Then when the track had dried for my second session, selecting Race mode with a press of the handlebar button instantly firmed up the suspension, restored the full 199hp and turned the RR into an awesomely fast and sharp-steering weapon… which was outperformed only when I pressed the button again to select Slick mode. That firms the suspension still more, disables the linked braking system (which adds a touch of rear when you squeeze the handlebar lever) and enables bar-mounted buttons for adjusting the traction control on the move.

Of course the RR is brain-numbingly fast; it was still pulling hard in fifth at over 150mph on the longish pit straight, when I had to haul on the fearsomely powerful Brembos for the following second-gear right-hander. But it was the BMW’s controllability and ease of use even at those extreme speeds that made the biggest impression.

With slicks fitted for my last two sessions, braking power was outstanding. The ABS system worked remarkably well even when the Brembos were burying the front slick in the track when slowing for the tight first turn. The semi-active suspension firmed-up the front end under braking and the rear under acceleration, helping to keep the bike well balanced and stable, yet also dealing effortlessly with occasional bumps. And the traction control worked so seamlessly that this most powerful of bikes was also remarkably rider-friendly.

The updated DTC traction control now gives a more refined response and, in Slick and User modes, allows easy tuning through 15 settings by pressing a thumb button on the left bar, as with many top race bikes and Aprilia’s RSV4. Even on its higher settings the system cut in smoothly and restored full power seamlessly on straights, so I sometimes couldn’t tell when it was working. But it’s an excellent system, whatever your level of experience and speed.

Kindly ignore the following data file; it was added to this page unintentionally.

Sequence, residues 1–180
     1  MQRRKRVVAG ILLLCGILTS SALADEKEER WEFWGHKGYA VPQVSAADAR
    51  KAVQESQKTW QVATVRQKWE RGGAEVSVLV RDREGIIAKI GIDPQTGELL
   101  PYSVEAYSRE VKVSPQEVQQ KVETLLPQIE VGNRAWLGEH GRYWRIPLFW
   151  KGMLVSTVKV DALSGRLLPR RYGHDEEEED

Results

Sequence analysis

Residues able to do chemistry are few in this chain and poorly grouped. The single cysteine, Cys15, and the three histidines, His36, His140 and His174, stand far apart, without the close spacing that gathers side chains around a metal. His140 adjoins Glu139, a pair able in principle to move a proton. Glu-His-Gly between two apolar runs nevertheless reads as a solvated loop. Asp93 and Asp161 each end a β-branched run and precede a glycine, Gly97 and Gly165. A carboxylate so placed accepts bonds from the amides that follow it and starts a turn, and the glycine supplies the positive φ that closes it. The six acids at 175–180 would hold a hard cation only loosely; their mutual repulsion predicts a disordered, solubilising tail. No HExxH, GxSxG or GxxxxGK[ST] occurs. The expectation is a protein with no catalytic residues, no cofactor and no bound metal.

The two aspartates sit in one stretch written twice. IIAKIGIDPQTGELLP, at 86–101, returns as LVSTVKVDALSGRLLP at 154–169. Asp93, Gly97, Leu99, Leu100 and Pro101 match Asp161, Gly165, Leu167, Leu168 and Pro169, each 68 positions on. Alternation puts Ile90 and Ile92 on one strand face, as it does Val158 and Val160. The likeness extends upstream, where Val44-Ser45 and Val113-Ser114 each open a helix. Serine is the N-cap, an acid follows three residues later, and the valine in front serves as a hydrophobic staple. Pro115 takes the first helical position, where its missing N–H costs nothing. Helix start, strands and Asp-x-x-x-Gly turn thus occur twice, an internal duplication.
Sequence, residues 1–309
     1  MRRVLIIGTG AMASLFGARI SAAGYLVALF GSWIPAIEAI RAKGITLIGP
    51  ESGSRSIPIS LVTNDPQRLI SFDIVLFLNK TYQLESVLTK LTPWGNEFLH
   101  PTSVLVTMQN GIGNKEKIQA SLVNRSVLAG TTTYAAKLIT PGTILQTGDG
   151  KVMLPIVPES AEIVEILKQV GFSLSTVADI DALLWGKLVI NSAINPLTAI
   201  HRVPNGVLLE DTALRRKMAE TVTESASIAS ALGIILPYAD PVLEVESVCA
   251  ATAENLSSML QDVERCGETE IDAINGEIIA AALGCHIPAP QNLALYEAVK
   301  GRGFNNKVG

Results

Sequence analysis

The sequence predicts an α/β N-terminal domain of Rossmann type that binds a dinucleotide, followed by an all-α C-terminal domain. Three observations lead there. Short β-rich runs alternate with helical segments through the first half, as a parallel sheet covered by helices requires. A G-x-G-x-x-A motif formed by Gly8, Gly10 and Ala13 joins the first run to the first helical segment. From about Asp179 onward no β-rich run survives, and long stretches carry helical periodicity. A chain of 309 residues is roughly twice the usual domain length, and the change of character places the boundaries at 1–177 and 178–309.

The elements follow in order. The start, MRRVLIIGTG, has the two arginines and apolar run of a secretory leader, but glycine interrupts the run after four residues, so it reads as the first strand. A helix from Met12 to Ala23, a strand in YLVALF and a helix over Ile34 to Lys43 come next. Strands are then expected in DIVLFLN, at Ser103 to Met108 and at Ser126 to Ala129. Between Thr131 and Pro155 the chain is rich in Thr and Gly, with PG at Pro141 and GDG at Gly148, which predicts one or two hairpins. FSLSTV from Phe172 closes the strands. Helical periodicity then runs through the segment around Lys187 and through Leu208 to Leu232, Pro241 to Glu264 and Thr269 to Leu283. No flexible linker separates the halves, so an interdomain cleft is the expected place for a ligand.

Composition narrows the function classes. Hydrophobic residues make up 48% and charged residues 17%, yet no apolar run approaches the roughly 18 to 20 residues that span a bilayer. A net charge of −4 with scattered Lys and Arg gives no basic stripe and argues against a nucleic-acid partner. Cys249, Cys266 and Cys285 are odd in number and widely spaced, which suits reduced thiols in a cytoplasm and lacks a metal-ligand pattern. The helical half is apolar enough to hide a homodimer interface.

I was surprised by how useful I found the Gear Shift Assist Pro, which allows clutch-less changes up and down the box. This worked flawlessly, in combination with the slipper clutch, and I found it helped by allowing me to concentrate on corner entry without needing to think about down-shifts. Another rider reported a slightly slow and imprecise change but my bike was fine all day. The gear lever can also be very quickly reversed to give a race-shift pattern.

Other electronic updates include a high-tech instrument panel showing maximum lean angle, current and maximum deceleration rate and number of gear changes per lap. It also gives you an indication of traction control intervention, with the maximum amount by which the system has reduced torque on each lap.

For track use there’s a launch control and a pit-lane speed limiter that you could also use for fun on the road. This track-ready machine is rider-friendly enough to make an excellent if slightly excessive street bike, especially when fitted with options such as cruise control and heated grips. Thanks to the semi-active suspension it should even be comfortable, at least by sports bike standards.

This bike’s Continental anti-lock brakes don’t incorporate the cornering ABS of the HP4’s Bosch system, one respect in which even this accessorised S1000RR doesn’t quite match its more exotic forebear.

But that disadvantage is a rare one. Perhaps the most impressive aspect of the S1000RR is the way in which this updated model surpasses not only its RR predecessor but the HP4 flagship too (at least when fitted with its main options). Test rider Jürgen Fuchs is a second quicker around a typical racetrack on the new RR than on the HP4, according to project leader Schneider.

Inevitably the high-tech options elevate the S1000RR’s price, with the Motorsport-coloured test bike’s value topping £15,500 even before the addition of a grand’s worth of forged wheels. Then again, the superbike class seems to have moved on in price as well as specification this year, with the new crop of 200hp flagships providing levels of performance and technology that would have seemed impossible on the original RR’s launch five years ago.

BMW has certainly chosen the right moment for this update, which could well be enough to retain the S1000RR’s status as class yardstick. With the challengers’ launches imminent, it’s too soon to say. What’s for sure is that this revamped RR is a stunningly fast, sophisticated and useable machine that will be very hard to beat on either road or track.

Watch our full video review of the new BMW S1000RR

Model tested: 2015 BMW S1000RR Sport

Engine: 999cc inline-four

Price: S1000RR Sport £14,760 (standard RR £13,700). Bike tested also had £490 Race Package, £385 Motorsport paint option and £1075 forged wheels; total £16,710.

Power: 199hp

Torque: 83lbft 

Wet weight: 204kg (full tank)

Tank capacity: 17.5 litres

Seat height:  815mm

Available: dealer launch February 7th